National News

Jail Time for Drug Relapse of Probationer Is Upheld

The top Massachusetts court unanimously ruled Monday that a judge can require defendants with substance use disorders to remain drug-free as a condition of probation and send them to jail if they relapse.

Posted Updated

The top Massachusetts court unanimously ruled Monday that a judge can require defendants with substance use disorders to remain drug-free as a condition of probation and send them to jail if they relapse.

The case, which challenged a requirement routinely imposed by judges across the country, had been closely watched by prosecutors, drug courts and addiction medicine specialists. For many, it represented a debate over the nature of addiction itself.

The defense argued that addiction is a chronic, relapsing brain disease that compromises an individual’s ability to abstain. The prosecution maintained that addiction varies in intensity and that many individuals have the ability to overcome it and can be influenced by institutional penalties and rewards, like incarceration or a cleared criminal record.

While acknowledging the numerous experts who weighed in on each side, the seven justices of the Massachusetts Supreme Judicial Court declined to take a stance in the debate. Instead, they said, the defendant in the case should have raised the issue when her probation condition was first imposed, when it could have been fully argued before a trial judge.

Justice David A. Lowy wrote that a judge has the power and discretion to determine probation requirements tailored to an individual and that further probation’s twin goals: rehabilitation and public safety. Judges, he said, “stand on the front lines of the opioid epidemic” and are “faced with difficult decisions that are especially unpalatable.”

The challenge was brought by Julie A. Eldred, now 30, who had been convicted of larceny for stealing jewelry to support her heroin habit. In August 2016, a district judge gave her a year’s probation, facing up to a 30-month sentence for violating conditions. The judge ordered her to begin outpatient treatment and remain drug-free. Eldred enrolled in a program and began taking Suboxone, a medication that can reduce cravings and symptoms of withdrawal. Shortly afterward, she relapsed and, she said, returned to her doctor for help, asking for a stronger dose of Suboxone.

Eleven days after her probation began, Eldred tested positive for fentanyl. The judge ordered her to go to inpatient treatment, but no placement could immediately be found. What should be done with her? It was the beginning of Labor Day weekend, and Eldred’s parents were out of town.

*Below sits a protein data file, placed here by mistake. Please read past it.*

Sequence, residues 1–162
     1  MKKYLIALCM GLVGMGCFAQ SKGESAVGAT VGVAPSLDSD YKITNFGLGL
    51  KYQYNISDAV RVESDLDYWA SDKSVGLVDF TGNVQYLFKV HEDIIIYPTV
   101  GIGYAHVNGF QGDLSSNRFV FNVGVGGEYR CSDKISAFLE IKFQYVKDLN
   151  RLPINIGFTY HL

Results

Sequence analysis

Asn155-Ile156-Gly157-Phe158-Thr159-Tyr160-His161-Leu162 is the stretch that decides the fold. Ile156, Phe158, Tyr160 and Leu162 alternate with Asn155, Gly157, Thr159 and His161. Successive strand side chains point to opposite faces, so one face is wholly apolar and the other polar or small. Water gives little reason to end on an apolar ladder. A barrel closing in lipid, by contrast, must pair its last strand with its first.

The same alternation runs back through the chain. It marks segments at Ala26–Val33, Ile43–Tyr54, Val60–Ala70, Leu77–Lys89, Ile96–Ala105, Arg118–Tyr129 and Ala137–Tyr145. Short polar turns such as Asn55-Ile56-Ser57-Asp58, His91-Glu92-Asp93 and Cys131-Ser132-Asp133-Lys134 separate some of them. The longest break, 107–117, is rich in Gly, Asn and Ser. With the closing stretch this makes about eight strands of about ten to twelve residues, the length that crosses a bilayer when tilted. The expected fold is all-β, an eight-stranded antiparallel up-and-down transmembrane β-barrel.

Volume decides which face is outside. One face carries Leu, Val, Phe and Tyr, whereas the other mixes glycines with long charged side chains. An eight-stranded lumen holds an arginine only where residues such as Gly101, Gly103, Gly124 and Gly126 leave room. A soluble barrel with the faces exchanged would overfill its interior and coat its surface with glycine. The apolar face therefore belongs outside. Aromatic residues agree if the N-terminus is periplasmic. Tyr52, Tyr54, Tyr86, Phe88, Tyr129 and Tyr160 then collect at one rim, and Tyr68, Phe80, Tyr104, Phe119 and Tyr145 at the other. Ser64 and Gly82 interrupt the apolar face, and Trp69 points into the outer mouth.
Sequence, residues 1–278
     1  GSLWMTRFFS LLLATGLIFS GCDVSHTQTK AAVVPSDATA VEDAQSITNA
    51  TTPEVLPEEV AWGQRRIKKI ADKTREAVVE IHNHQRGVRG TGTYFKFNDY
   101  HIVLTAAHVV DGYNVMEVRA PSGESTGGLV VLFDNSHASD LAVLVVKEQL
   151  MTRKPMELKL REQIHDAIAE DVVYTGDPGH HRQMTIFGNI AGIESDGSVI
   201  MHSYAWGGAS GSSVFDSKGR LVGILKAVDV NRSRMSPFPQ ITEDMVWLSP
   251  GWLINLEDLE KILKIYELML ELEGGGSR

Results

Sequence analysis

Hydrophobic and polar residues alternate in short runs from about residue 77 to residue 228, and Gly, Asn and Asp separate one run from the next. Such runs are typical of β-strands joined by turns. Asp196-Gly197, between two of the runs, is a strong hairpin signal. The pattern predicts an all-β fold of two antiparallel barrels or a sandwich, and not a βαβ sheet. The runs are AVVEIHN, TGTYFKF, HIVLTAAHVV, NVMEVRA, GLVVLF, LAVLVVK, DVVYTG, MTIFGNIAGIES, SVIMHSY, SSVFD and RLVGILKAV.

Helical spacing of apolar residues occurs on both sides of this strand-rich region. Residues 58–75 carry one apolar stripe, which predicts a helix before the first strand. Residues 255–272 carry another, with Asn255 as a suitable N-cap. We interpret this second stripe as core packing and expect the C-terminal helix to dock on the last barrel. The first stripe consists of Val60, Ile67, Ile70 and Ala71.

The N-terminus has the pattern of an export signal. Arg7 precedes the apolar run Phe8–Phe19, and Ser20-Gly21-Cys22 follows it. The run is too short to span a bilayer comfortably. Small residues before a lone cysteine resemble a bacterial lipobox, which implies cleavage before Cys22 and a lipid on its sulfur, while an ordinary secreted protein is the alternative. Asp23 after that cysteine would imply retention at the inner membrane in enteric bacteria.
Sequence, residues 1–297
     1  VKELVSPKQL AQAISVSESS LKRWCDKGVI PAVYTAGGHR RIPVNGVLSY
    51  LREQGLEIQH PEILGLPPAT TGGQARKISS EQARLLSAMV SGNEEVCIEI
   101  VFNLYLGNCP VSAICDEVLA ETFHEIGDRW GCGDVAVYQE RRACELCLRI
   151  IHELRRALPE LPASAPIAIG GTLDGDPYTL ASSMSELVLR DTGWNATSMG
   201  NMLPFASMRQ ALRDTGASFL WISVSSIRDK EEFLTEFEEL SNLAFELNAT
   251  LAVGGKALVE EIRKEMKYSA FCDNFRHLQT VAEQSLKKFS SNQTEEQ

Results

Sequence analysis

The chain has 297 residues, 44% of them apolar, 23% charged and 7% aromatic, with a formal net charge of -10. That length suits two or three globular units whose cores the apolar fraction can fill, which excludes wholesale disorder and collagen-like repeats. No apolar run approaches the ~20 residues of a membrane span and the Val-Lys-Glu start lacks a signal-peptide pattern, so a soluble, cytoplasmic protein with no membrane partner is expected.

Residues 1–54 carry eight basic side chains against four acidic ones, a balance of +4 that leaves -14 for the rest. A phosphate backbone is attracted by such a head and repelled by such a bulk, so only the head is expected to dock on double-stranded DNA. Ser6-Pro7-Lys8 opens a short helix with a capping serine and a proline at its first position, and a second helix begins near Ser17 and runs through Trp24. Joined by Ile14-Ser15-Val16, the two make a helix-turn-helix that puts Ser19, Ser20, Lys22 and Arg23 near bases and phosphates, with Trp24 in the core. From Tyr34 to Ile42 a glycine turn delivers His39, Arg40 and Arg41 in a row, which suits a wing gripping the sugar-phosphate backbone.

“The judge was faced with either releasing the defendant and risking that she would suffer an overdose and die or holding her in custody until a placement at an inpatient treatment facility became available,” Lowy wrote, in the decision handed down Monday.

During the 10 days she was in a medium-security prison, Eldred went through withdrawal. Suboxone was not prescribed.

Lisa Newman-Polk, one of Eldred’s lawyers, called Monday’s decision a “massive blow” and said that the court had missed an opportunity to incorporate mainstream medical opinion about addiction. She said the court had “rubber-stamped the status quo, dysfunctional way in which our criminal justice system treats people suffering from addiction.”

Eldred’s lawyers had argued that sending someone with a severe substance use disorder to jail for relapsing amounted to cruel and unusual punishment — that she had been sanctioned for her illness. The Massachusetts attorney general’s office disagreed, saying that many successful treatment models rely on a person’s ability to abstain. Because Eldred committed a crime to support her drug habit and her addiction was active, prosecutors said, the judge also had an obligation to protect the public from the likelihood that she might commit another crime.

“We are pleased the Supreme Judicial Court today affirmed a court’s ability to take an individualized approach to probation that encourages recovery and rehabilitation to help probationers avoid further incarceration,” said a spokeswoman for Maura Healey, the Massachusetts attorney general.

But Fiona Doherty, a clinical professor of law at Yale Law School and an expert on probation, said that because the court did not take a position on addiction, the case was only a qualified win for the prosecution, confined to Eldred’s circumstances and timing.

“The impact of substance use disorder and a defendant’s ability to prevent relapse is still open,” she said. “There is lots of room for lawyers and defendants to remount a challenge to the same drug-free condition. They can object at the time the condition is imposed and seek a full hearing on the science.”